Turkey’s inflation tops 80% as poverty worsens

With presidential and parliamentary polls less than a year away, the Turkish government has banked on growth to contain popular grievances, but runaway inflation and the foreign currency crisis are deepening poverty.

Consumer prices in Turkey rose 1.46% from July to August, official data showed on Monday, with annual inflation hitting a 24-year high of 80.21%.

Inflation has soared since September 2021 amid the fall of the Turkish lira, fueled by unorthodox central bank rate cuts. The spike in global energy and commodity prices after Russia’s invasion of Ukraine in February only made matters worse.

Announcing new inflationary pressures, the Turkish authorities announced on 1 September new increases in gas and electricity prices, of around 20% for households and around 50% for companies.

Energy expenditure is a major item in the housing category of the inflation basket, where prices rose 2% in August, bringing the annual rate to nearly 72%.

Food prices rose by around 0.9% in August, with annual food inflation hitting 90.3%. The price of bread alone – a much-needed staple for low-income consumers – has risen more than 101% year on year.

The recent relative easing in global energy prices led to partial reductions in gasoline and diesel prices last month, contributing to a 1.8% decline in prices in the transportation group. Nevertheless, the annual inflation in this category was 117%.

Prices for durable goods such as furniture, appliances and electronics rose 3.3% in August. The rise over several months has brought annual inflation in the sector to more than 92%.

Driven by the high tourist season, prices in the hotels, cafes and restaurants group increased by around 3.3% in August, with the annual rate rising to nearly 81%.

And with the advent of the new school year, prices in the education group jumped 6.5% in August. In the healthcare group, price increases reached 7%.

As a further sign of further consumer price increases in September and the following months, the pace of producer prices remained faster. A monthly increase of 2.4% in August pushed annual producer inflation to a staggering rate of almost 144%.

In addition, the 12-month average of producer inflation in October will form the basis for next year’s increases in public sector goods and services. This means that state fees and charges and the prices of public transport and other services would be increased by around 125%, which alone is an omen that the inflationary storm will barely subside in 2023. .

The working classes can hardly cope with inflation exceeding 80%, because ostensible wage increases lag well behind price increases. With real incomes sinking, relative poverty is worsening – a trend confirmed by the latest gross domestic product (GDP) data, released on August 31.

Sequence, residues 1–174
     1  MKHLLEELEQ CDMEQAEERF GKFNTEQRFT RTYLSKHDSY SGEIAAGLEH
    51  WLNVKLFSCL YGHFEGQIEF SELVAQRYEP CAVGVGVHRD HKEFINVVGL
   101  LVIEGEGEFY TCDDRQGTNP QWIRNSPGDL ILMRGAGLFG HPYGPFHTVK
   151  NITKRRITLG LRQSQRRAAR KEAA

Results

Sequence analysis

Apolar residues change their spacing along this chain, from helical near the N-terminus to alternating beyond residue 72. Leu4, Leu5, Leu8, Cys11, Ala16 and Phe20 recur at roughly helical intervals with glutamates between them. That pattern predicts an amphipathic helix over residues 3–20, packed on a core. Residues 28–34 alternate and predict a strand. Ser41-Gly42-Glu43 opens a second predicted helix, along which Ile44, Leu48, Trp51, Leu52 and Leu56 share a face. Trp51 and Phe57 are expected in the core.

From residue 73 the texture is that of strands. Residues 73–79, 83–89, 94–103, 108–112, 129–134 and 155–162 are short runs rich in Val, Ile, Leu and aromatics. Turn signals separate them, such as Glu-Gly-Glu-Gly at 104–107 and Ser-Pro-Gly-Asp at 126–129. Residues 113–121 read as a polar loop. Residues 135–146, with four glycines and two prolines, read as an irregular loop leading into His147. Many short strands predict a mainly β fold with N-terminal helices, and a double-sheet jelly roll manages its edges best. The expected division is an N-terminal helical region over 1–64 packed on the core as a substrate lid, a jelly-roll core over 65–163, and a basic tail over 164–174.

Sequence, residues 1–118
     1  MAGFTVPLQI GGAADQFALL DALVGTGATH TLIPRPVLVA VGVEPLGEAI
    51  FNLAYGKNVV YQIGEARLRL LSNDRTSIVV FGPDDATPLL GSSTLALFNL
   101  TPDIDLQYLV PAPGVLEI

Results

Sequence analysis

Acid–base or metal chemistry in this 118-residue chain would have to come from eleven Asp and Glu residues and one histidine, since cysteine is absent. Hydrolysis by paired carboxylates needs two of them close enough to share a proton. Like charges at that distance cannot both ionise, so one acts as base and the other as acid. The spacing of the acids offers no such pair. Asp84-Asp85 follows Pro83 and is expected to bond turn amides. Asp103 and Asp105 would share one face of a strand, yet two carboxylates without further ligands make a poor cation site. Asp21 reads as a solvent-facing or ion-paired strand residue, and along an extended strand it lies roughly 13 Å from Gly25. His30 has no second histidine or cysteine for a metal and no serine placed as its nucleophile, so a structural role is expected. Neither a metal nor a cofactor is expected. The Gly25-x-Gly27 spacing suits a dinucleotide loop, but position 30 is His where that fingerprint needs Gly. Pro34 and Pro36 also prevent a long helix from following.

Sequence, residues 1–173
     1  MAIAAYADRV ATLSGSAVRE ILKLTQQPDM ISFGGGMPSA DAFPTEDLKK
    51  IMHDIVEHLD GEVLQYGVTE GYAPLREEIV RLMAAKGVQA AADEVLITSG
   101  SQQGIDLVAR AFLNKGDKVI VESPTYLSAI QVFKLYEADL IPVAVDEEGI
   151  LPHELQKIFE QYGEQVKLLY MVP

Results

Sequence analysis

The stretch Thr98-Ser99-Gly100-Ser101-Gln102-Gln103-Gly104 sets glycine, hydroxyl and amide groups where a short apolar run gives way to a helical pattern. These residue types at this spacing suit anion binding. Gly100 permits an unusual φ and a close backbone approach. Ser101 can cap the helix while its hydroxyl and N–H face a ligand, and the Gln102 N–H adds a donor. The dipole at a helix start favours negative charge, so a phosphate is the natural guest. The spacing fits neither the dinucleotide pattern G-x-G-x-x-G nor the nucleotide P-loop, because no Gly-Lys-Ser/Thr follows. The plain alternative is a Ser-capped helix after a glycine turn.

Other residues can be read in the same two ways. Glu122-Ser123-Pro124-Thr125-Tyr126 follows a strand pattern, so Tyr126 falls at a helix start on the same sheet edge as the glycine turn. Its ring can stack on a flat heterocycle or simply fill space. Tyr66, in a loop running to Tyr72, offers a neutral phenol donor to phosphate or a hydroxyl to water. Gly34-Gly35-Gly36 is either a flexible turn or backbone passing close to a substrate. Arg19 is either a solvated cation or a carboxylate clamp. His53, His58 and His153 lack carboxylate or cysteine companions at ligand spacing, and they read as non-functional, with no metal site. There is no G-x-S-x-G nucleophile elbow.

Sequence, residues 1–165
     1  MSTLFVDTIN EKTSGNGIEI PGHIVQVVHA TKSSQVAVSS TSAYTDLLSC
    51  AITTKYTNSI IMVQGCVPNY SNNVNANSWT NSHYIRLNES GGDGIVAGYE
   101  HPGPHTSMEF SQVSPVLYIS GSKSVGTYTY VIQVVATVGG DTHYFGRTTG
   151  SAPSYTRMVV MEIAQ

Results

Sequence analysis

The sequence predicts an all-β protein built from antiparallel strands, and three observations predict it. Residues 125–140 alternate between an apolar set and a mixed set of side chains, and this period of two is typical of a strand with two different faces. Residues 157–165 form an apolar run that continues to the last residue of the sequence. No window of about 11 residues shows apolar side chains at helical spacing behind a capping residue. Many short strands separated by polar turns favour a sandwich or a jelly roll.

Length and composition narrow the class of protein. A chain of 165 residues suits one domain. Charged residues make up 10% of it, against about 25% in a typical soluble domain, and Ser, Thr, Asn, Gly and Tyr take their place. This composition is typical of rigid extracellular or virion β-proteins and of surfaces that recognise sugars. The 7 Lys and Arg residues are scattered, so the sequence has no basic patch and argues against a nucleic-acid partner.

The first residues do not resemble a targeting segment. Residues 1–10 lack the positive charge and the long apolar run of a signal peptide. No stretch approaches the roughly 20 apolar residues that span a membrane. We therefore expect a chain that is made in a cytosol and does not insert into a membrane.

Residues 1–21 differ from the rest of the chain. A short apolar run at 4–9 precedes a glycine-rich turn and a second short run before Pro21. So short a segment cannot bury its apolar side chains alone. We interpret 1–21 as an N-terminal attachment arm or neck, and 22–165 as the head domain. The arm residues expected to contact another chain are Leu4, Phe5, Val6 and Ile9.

On the flip side, President Recep Tayyip Erdogan’s ambitions to keep the economy warm despite soaring inflation translated into GDP growth of 7.5% in the first half of the year. Turkey’s GDP had grown by 11.4% in 2021. Yet the factors that contributed to this expansion are hardly sustainable.

GDP growth has been achieved mainly through cheaper exports and a rush for goods among consumers scrambling to hedge their savings against inflation.

Amid the continued fall of the Turkish lira and the uncertainty caused by Ankara’s interventions to rein in foreign currency prices, many savings holders have opted to put their money in homes, cars and durable household goods. This apprehensive consumer trend has provided headwinds to the industrial and service sectors. In addition, the competitiveness of Turkish exporters has increased due to the depreciation of the lira. But accompanying inflation, coupled with an alarming current account deficit and Treasury deficits, is clouding hopes of sustaining that pace of growth for the rest of the year.

Moreover, economic growth has worsened income disparities. Payments to employees amounted to 25.4% of gross value added in the second quarter of the year, compared to 36.8% in the second quarter of 2019, the year before the pandemic. The net operating surplus—or employers’ share—grew from 45% to 54% over the same period. The labor share of 25.4% is the lowest under the 20-year rule of Erdogan’s Justice and Development Party.

The net operating surplus of companies, particularly in the financial sector, has increased sharply over the past year in particular. Korkut Boratav, a veteran Turkish economist, attributes the widening of the income gap to three main reasons: “the excessive injection of cheap credit to businesses by the central bank, public banks and the [Erdogan’s administration]; the refusal to [adequate] the public financial resources to the workers and the unorganized state and the impotence of the popular classes in the face of the inevitable inflation. For Boratav, it’s “an environment of wild capitalism”, with banks and corporations “running the show within the framework created by the Palace”.

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